If there's a logical progression to that speech in your own mind, your audience won't figure it out if that's the way you proceed! A great way to provide the logical framework any audience needs is to tell them, up front, the specific areas you're going to discuss. Give them a preview of the journey you're going to take together. And clue them in on the treasure at road's end.

Knowing how to use transitions in public speaking will help the audience understand your speech.

3. Performing Your Speech: Working the Transitions

Will you forgive this actor if he says that performance is one of the easiest ways to keep an audience with you? Let's say that per the above, you've given some thought to the shape of your speech and its logical framework. Now you can use two-and-a-half performance techniques to make your speech easier to follow and more enjoyable.

I'm only partly joking here. That's because two of these techniques are essential, and the third is icing on the cake. Do these simple things when you speak, and your audience will be able to follow you more easily, and also retain what you said.

I'm speaking here of the transitions in your speech. Each time you move from the main point you've just been discussing to the next one, you need to need to allow your audience to process the change. That's important, because it says to them: "That's the end of that point. Here's something new and exciting for you." Every audience member appreciates taking a mental breath and getting ready for the next interesting thing. Contrast that with the drumbeat of information that sounds exactly like everything that came before.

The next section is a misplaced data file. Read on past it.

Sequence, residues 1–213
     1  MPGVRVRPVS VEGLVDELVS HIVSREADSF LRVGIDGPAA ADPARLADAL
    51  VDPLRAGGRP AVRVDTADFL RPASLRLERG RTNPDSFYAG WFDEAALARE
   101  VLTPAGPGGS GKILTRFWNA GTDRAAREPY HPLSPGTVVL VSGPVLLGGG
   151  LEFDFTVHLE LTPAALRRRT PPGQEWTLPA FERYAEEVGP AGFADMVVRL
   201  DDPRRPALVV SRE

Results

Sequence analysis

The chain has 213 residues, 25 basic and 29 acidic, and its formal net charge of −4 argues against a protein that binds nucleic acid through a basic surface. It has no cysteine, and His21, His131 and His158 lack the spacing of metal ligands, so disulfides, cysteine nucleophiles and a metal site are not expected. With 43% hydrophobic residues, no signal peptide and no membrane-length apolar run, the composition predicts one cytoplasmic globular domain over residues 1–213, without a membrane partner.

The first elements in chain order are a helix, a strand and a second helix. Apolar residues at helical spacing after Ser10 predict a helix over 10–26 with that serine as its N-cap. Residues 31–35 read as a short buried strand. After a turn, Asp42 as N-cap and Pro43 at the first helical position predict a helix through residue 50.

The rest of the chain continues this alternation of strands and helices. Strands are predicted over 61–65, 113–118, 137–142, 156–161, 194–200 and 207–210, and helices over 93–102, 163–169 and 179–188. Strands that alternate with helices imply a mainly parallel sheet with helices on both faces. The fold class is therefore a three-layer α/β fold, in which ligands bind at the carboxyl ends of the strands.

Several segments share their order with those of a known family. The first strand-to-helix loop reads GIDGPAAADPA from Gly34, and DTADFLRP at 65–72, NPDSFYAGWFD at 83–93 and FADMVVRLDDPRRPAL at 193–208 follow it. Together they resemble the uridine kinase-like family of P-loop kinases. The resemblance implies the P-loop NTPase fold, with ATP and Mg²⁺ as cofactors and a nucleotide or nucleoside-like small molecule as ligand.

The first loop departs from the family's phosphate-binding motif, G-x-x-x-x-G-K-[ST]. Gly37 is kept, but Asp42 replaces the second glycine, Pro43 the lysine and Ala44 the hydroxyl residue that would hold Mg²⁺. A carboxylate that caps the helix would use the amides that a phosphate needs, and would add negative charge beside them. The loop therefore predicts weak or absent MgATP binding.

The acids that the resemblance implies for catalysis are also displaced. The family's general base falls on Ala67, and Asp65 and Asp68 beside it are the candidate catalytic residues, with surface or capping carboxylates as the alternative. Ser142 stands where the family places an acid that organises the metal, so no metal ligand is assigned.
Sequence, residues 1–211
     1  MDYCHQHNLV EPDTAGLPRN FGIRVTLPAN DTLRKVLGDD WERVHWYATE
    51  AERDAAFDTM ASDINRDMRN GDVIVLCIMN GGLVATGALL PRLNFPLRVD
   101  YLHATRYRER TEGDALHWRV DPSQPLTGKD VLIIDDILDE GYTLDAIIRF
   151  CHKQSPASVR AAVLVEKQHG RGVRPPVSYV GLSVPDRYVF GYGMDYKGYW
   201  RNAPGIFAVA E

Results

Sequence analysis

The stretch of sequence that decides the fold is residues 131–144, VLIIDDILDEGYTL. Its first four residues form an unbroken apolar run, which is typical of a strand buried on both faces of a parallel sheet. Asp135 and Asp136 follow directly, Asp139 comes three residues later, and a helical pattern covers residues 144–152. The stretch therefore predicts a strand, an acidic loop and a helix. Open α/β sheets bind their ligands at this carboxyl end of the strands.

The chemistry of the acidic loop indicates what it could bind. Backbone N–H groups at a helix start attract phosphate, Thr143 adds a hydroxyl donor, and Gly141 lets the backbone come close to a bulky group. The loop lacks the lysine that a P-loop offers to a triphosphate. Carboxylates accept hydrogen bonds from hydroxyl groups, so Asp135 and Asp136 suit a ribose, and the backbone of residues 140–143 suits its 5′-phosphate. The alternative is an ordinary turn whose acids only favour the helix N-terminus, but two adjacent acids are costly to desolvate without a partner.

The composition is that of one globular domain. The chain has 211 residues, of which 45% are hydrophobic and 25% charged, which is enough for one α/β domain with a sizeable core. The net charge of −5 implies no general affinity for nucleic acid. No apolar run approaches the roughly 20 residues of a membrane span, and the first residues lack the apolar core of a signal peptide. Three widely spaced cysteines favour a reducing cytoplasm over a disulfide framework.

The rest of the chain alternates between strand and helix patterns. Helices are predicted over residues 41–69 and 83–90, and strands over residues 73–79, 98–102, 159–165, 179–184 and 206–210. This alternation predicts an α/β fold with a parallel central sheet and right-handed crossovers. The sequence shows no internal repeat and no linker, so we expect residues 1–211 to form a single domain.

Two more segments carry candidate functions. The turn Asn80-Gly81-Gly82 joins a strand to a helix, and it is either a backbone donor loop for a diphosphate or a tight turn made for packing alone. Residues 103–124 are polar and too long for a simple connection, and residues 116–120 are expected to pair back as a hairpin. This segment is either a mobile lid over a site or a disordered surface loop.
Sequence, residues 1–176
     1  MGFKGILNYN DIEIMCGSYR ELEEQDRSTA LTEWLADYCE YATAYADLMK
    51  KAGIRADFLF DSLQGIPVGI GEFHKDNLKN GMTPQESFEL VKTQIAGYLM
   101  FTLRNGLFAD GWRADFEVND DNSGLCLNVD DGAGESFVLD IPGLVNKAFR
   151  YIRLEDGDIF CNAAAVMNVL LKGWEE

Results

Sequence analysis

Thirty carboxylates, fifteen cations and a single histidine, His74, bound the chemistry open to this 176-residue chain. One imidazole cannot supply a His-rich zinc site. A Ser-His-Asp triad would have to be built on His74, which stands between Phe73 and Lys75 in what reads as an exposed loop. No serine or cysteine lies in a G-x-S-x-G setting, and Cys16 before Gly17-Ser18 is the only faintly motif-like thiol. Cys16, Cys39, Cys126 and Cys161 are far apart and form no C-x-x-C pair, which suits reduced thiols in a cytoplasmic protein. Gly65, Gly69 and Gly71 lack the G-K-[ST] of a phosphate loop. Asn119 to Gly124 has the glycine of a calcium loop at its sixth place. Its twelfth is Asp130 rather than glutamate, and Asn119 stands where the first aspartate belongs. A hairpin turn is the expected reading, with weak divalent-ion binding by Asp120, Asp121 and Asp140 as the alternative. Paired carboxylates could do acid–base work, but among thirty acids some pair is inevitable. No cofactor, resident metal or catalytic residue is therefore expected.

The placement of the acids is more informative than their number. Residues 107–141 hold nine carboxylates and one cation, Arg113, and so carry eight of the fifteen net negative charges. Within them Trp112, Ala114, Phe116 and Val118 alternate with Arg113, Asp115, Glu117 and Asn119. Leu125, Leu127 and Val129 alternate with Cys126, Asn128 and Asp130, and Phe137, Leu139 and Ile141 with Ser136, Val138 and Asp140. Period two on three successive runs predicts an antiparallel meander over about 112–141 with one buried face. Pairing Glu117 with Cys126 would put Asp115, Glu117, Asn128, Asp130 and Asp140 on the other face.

How do you help your audience hit the mental "refresh" button? Pause, then do something different with your voice. It really doesn't matter what: raise or lower your pitch, change your vocal quality, vary the pace, etc. The two elements—pause and vocal change—alert listeners to pay attention anew. (They'll also retain the individual points more strongly.) And the bonus component? Move. Just a step or two may be enough. It's visual evidence of the refreshing change in your speech.

King Shahryār, who rules in the Middle or Far East, marries only virgins, and executes them the following morning before they can be unfaithful. When all the available woman are gone, Scheherazade, the daughter of the king's adviser offers herself. On their wedding night, she tells her new husband a fasincating tale but doesn't end it. The king delays her execution until he can hear the conclusion. The following morning his wife tells him the end of the story . . . and immediately begins a new intriguing tale. This goes on for 1,001 nights. (Wikipedia: "One Thousand and One Nights".)